Protective Bacteria Prevent Complication Following Ulcerative Colitis Surgery

BETHESDA, Md. -- Ulcerative colitis patients who have their colon surgically removed are significantly less likely to develop a post-surgical complication called pouchitis when treated with probiotics, "good bacteria," after surgery.

Of patients given a highly concentrated probiotics formulation after surgery, 10 percent developed pouchitis, while 40 percent of those on placebo developed the complication. These findings are reported in the May issue of Gastroenterology, the journal of the American Gastroenterological Association.

Probiotics are living bacteria that, when ingested in adequate amounts, exert health effects beyond inherent nutrition. In this case, probiotics may increase the concentration of protective bacteria in the intestines. In this randomized, double-blind, placebo-controlled study, patients received probiotic VSL#3 (1 packet/day) or placebo. Each packet contained 900 billion bacteria: four strains of Lactobacillus, three strains of Bifidobacterium, and one strain of Streptococcus salivarius.

"Probiotics not only prevented pouchitis, but also significantly lowered stool frequency and enhanced quality of life for patients after surgery," reports Paolo Gionchetti, MD, lead study author from the University of Bologna, Italy. "It's important to note that this particular concentration of bacteria strains was responsible for the positive effect. Recent studies have shown that other bacteria formulations don't have the same outcome."

The procedure that removes the large intestine, called ileal pouch-anal anastomosis or "pouch" surgery, is a popular measure to relieve ulcerative colitis without requiring patients to wear an external ostomy bag. After the large intestine is removed, the small intestine is connected to the rectum. On average, 37 percent of patients develop pouchitis in the year following surgery. Pouchitis is a syndrome characterized by increased stool frequency and fluidity, rectal bleeding, abdominal cramping, incontinence, and fever.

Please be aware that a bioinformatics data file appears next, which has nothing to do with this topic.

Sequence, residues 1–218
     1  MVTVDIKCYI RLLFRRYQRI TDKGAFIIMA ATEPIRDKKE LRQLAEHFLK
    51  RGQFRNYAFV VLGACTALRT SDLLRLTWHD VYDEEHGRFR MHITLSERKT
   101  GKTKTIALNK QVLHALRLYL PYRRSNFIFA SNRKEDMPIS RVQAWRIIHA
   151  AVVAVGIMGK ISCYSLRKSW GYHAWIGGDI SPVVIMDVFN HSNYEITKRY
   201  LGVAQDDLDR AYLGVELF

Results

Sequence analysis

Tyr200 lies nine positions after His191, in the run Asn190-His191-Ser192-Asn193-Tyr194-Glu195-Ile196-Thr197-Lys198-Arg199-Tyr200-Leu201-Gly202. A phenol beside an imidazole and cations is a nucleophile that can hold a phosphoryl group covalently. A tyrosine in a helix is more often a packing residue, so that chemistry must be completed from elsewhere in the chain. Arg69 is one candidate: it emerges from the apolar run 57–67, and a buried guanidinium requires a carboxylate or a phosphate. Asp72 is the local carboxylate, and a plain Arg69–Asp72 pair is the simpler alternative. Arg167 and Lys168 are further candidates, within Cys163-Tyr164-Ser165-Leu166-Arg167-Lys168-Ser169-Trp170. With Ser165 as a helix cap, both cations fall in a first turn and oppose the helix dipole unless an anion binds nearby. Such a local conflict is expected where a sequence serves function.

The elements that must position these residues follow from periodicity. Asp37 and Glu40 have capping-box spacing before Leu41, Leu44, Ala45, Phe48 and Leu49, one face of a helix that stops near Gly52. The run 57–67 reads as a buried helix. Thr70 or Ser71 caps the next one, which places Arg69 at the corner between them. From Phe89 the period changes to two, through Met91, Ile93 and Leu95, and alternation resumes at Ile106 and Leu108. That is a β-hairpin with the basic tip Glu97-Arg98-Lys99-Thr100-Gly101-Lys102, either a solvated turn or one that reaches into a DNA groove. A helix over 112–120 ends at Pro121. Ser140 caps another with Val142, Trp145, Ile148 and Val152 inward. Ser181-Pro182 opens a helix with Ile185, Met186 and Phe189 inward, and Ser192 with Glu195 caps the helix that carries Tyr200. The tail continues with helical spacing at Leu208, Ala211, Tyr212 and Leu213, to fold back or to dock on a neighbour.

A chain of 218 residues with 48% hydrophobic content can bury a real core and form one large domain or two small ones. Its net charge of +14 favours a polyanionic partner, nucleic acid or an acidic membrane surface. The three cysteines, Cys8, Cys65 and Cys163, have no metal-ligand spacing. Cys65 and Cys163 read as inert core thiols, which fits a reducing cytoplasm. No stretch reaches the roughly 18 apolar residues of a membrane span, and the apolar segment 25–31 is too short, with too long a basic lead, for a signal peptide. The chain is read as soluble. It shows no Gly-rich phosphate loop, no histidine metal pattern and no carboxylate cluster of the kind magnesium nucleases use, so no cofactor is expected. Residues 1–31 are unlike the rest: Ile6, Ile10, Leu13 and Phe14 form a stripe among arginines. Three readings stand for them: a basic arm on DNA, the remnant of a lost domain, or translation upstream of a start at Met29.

Attacks of pouchitis may be acute and intermittent or chronic and unremitting. After developing pouchitis, patients generally receive antibiotics with a positive response within a few days. Ten percent of patients will develop chronic pouchitis requiring continuous therapy. In an editorial accompanying Gionchetti's study, Jeffry A. Katz, MD commented on the role probiotics could play in treatment of pouchitis.

"As a chronic therapy, probiotics are safer than antibiotics," says Katz, associate professor of medicine at the University Hospitals of Cleveland. "For this reason alone, probiotics should become the choice for maintenance of remission in chronic pouchitis and for prevention of pouchitis in high-risk patients."

Ulcerative colitis is an inflammatory bowel disease, which affects about 500,000 Americans. Most cases are diagnosed before age 30, but the disease can occur at any age. It is a chronic disease with unknown cause, characterized by ulceration of the large intestine and rectum with bleeding, abscesses and inflammation, often causing anemia and electrolyte imbalance. The cause of ulcerative colitis remains unknown, but an immune disorder -- perhaps in response to a viral or bacterial infection -- and heredity may be contributing factors.

Source: American Gastroenterological Association

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